Current Research at Milford Laboratory
Our Milford staff develops probiotics for use in oyster hatcheries and performs studies in aquaculture gear as habitat for marine life, nutrient bioextraction studies, shellfish genetics research, offshore shellfish aquaculture potential, and responses of shellfish to ocean acidification.
NOAA Fisheries' primary mandates are to use sound science to manage and conserve the nation's ocean resources and habitats, and to ensure their renewability for the future. Although our techniques have advanced over the years, the Milford Laboratory has always made strong positive contributions to meeting these objectives.
Present research at the Milford Laboratory emphasizes shellfish aquaculture and ecosystem-related work. Our well-integrated aquaculture research program evaluates current and proposed marine aquaculture practices for technical effectiveness, environmental compatibility, and sustained commercial success. Working closely with industry partners, we provide shellfish aquaculture science and develop new methods and technologies to enhance production. In addition, we study the interactions between aquaculture practices and coastal marine habitats and species. Our research supports the sustainable expansion of domestic aquaculture.
Our scientists are trained in a wide variety of disciplines, including chemistry, ecology, physiology, biochemistry, genetics, immunology, bacteriology, algology, and pathology. The versatility of both the facility and our staff at the Milford Laboratory make this unique blend of research possible.
Probiotic Bacteria for Use in Shellfish Hatcheries
Bacterial disease can be a major cause of death among shellfish larvae in commercial hatcheries. In the United States, hatcheries do not use antibiotics to control these diseases. While some bacteria can cause lethal disease, other strains of bacteria can actually protect larvae from it, improving hatchery production and reducing costs. These “good” bacteria are called “probiotics,” the Latin for “promote life.”
The Milford Lab discovered and developed a probiotic bacterial strain labeled OY15, a benign strain of Vibrio alginolyticus isolated from the digestive glands of oysters, as an environmentally-friendly way to manage bacterial shellfish pathogens in hatcheries. This naturally-occurring bacterium provides disease resistance to Eastern oyster larvae, improving survival by 20 to 35 percent when challenged with the known larval shellfish pathogen Vibrio corallilyticus. Our research confirmed that probiotic strain OY15 works by stimulating the defense abilities of oyster hemocytes (similar to white blood cells) to respond to and eliminate harmful bacteria.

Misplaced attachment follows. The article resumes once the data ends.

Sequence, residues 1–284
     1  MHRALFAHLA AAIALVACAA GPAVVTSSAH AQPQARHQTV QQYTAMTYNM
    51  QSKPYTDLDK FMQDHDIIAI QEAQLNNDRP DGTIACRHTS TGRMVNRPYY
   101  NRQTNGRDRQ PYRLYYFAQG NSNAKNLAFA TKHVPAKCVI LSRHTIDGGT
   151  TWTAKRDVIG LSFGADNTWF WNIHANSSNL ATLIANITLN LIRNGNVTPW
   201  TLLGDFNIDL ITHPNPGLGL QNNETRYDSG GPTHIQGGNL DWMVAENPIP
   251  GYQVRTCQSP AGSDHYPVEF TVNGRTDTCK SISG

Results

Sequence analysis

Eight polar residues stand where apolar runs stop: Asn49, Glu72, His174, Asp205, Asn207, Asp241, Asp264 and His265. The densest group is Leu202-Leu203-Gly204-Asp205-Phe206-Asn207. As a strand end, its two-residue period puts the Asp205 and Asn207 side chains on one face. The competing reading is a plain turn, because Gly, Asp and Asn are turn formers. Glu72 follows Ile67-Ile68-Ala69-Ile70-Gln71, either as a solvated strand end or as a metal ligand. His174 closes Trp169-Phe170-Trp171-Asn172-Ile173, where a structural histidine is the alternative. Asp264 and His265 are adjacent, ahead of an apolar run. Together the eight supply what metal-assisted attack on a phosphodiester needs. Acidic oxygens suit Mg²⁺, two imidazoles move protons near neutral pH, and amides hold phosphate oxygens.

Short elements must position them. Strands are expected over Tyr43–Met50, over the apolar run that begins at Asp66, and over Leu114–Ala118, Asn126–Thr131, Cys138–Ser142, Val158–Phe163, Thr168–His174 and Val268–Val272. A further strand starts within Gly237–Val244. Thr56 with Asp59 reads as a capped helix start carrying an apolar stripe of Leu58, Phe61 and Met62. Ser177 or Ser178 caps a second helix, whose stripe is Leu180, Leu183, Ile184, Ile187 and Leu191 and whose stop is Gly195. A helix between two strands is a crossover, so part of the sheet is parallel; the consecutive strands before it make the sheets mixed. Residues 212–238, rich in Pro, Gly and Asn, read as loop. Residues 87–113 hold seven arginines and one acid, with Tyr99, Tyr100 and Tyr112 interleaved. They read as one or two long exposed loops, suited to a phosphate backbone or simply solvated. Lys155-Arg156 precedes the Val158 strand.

The Milford Lab is collaborating with public and private industry partners to commercialize OY15 for use as a feed supplement in commercial hatcheries. Prospective Research, a private biotech firm in Massachusetts, has manufactured a freeze-dried powder formulation of OY15, and provided it to the Milford Lab. With funding from the NOAA Office of Aquaculture, we have successfully beta-tested this new formulation of OY15 on Eastern oyster larvae in collaboration with public and private shellfish production hatcheries.
Preliminary data from a trial on Pacific oyster larvae performed at Hawaiian Shellfish Oyster Hatchery suggest that growth and performance of OY15-treated larvae were markedly better than for larvae not treated with OY15. To confirm OY15’s probiotic effects on Pacific oyster larvae, three commercial Pacific oyster hatcheries will perform hatchery-scale trials during the 2021 season—two in the U.S. Pacific Northwest and one in Ireland.